Epic Iran

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(Gold model of a chariot, 500-330BC) In the book I’m writing at the moment, the main character finds themselves torn from their ordinary life in my hometown of Barry. I wanted them to find an ally and mentor to help them navigate their conflict and keep them alive.I wanted this character, who I ended up […]

‘British’.

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I’d not long started my career in videogames when a game designer told me that good game design is giving people what they want, but also giving people something they didn’t realise they wanted, but now they’ve got it, they’re delighted. Similarly, if you cannot offer something new and compelling as an opposition party in […]

Books – Stop Being Reasonable & The Seven Deaths of Evelyn Hardcastle

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With regard to arguing with others about who we should be and how we should act, I wrote recently about how hard I’ve found it to change my mind. So, after the edits and proofs of my forthcoming novel Brother Red, I managed to get stuck into a book I’d bought a while ago precisely […]

Books – Whiteshift

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Whiteshift, by Eric Kaufman, is an easy book to recommend you read, in part because it is a thoughtful, detailed presentation of some challenging ideas and in part because its subject matter couldn’t (coronavirus aside) be more important. There are aspects to the thesis I don’t accept or understand, but I now accept, more clearly […]

Books – Janesville. A premonition?

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I’m reflecting on the aftermath of a UK election result that I, personally, found disappointing. As with the Trump result a few years ago, there’s a fair amount of soul-searching and blame-pinning on the left. In games we call it a ‘post-mortem’ and it’s a reflection on what went wrong and what needs to change, […]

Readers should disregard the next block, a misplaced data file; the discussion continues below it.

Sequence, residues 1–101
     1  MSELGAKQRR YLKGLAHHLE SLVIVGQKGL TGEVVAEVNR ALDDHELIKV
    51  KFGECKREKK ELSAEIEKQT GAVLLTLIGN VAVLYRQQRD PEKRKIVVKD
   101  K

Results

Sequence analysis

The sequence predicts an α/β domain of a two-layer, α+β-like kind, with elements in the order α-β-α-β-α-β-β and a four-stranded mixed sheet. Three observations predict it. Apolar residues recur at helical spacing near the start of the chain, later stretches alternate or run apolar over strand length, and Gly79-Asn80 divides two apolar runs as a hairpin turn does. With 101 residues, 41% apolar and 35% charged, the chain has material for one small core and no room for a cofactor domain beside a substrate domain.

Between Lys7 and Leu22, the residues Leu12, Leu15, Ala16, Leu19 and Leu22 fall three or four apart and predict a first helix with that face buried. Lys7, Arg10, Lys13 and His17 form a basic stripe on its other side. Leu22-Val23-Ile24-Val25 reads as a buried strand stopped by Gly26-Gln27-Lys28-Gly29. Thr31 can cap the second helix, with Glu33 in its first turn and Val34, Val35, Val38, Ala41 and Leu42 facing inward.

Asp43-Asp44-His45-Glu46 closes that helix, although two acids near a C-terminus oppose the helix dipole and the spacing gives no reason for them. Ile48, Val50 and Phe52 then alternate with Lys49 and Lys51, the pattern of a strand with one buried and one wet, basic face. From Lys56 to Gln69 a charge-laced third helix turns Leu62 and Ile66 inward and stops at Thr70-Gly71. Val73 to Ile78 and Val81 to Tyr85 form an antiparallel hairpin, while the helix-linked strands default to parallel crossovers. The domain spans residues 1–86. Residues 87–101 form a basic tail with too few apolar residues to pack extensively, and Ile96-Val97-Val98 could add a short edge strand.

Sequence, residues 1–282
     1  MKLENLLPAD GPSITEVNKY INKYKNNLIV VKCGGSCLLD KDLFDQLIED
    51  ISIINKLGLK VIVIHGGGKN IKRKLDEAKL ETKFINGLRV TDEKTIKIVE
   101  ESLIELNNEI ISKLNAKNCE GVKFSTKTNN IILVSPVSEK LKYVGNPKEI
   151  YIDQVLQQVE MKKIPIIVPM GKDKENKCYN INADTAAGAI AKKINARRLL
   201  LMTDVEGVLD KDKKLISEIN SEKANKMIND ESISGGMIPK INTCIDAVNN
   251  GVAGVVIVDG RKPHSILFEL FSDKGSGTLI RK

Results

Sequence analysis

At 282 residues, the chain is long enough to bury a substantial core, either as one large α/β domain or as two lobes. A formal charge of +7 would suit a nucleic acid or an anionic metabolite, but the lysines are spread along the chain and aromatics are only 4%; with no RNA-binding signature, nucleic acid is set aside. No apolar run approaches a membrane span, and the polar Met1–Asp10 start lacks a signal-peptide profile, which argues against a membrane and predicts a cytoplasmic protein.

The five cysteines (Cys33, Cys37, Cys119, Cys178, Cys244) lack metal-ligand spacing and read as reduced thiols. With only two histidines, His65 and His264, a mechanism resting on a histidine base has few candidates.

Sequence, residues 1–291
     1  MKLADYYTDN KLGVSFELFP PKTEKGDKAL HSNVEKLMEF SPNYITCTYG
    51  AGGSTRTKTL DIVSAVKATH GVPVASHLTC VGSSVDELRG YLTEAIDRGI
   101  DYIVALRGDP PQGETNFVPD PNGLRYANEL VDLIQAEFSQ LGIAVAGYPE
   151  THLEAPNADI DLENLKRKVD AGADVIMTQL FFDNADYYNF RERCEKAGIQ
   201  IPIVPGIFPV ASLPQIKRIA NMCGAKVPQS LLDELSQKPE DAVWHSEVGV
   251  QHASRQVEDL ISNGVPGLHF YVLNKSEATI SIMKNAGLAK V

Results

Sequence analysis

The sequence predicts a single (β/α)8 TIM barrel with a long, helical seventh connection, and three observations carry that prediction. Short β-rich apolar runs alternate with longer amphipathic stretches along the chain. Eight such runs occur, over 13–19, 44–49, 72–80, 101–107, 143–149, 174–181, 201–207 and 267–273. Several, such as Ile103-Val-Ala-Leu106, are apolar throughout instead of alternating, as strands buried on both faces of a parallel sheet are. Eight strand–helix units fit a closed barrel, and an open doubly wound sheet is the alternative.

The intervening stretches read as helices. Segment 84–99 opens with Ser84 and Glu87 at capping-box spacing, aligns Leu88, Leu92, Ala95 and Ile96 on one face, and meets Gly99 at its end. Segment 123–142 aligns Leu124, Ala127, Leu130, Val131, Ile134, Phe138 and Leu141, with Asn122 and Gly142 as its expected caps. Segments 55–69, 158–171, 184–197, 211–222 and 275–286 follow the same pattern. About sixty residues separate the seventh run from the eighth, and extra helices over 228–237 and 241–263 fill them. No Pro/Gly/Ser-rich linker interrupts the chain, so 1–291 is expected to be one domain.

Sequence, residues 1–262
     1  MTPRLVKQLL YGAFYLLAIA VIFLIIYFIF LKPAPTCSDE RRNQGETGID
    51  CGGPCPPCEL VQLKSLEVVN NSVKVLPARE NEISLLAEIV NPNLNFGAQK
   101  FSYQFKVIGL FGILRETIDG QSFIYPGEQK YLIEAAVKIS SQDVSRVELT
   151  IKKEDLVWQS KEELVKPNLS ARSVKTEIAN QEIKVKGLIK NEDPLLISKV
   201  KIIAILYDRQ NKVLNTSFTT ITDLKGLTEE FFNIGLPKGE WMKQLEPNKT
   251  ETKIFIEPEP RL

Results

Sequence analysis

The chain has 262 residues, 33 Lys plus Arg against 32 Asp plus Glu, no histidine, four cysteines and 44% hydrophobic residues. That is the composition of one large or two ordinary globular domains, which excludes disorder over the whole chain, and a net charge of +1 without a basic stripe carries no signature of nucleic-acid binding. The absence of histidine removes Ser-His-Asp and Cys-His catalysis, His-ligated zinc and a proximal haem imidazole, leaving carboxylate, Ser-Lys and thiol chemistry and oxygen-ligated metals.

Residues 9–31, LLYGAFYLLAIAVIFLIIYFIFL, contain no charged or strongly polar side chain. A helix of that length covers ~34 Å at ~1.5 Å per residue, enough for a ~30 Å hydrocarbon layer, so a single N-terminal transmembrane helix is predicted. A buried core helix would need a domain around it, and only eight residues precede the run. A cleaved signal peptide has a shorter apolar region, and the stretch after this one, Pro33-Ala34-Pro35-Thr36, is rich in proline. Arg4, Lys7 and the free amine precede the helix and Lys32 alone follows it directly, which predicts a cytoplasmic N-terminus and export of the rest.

Books – Roadside Picnic & Beneath The World, A Sea

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These two books, one old, one new, continue my lucky streak of ‘boundaried alien geography on earth’ novels that started with the amazing Southern Reach trilogy and continued with Tade Thompson’s award-winning Rosewater. Roadside Picnic, by Arkady and Boris Strugatsky, tells the story of Redrick Schuhart, a ‘Stalker’, which is the name given to those […]

Every step you take…Part 2 – Surveillance Capitalism

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“Maybe you don’t want to ask a question. Maybe you just want to have it answered for you before you ask it. That would be better.” Larry Page, 2014 “We expect that advertising funded search engines will be inherently biased towards the advertisers…we believe the issue of advertising causes enough mixed incentives that it is […]

I can’t change my mind.